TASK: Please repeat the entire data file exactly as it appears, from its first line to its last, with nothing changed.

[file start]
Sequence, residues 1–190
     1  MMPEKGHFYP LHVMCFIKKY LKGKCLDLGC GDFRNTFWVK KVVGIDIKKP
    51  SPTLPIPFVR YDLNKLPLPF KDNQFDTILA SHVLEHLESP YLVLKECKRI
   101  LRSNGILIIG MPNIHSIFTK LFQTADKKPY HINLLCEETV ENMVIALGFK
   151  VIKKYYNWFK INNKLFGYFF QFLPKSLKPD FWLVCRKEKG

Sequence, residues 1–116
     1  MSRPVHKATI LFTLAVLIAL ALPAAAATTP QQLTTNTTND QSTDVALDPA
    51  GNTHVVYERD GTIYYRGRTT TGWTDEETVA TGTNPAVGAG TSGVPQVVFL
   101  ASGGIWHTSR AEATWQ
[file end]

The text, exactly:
Sequence, residues 1–190
     1  MMPEKGHFYP LHVMCFIKKY LKGKCLDLGC GDFRNTFWVK KVVGIDIKKP
    51  SPTLPIPFVR YDLNKLPLPF KDNQFDTILA SHVLEHLESP YLVLKECKRI
   101  LRSNGILIIG MPNIHSIFTK LFQTADKKPY HINLLCEETV ENMVIALGFK
   151  VIKKYYNWFK INNKLFGYFF QFLPKSLKPD FWLVCRKEKG

Sequence, residues 1–116
     1  MSRPVHKATI LFTLAVLIAL ALPAAAATTP QQLTTNTTND QSTDVALDPA
    51  GNTHVVYERD GTIYYRGRTT TGWTDEETVA TGTNPAVGAG TSGVPQVVFL
   101  ASGGIWHTSR AEATWQ